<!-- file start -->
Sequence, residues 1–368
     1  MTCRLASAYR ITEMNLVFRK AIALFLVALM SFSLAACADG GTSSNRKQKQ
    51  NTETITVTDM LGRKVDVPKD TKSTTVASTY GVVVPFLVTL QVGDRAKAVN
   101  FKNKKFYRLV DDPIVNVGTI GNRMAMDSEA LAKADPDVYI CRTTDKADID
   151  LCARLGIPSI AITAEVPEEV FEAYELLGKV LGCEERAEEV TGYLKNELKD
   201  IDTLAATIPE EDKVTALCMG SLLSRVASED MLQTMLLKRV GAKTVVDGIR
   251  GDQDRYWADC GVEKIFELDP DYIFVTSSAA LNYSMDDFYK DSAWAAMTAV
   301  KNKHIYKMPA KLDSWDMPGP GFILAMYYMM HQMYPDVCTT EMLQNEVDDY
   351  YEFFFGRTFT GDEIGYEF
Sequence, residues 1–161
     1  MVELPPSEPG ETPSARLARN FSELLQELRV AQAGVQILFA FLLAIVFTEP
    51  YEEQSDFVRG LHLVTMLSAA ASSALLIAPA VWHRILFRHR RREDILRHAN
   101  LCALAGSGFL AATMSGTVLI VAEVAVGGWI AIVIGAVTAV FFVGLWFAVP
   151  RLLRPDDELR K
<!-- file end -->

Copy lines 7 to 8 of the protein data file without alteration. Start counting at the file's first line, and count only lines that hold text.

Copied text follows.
   251  GDQDRYWADC GVEKIFELDP DYIFVTSSAA LNYSMDDFYK DSAWAAMTAV
   301  KNKHIYKMPA KLDSWDMPGP GFILAMYYMM HQMYPDVCTT EMLQNEVDDY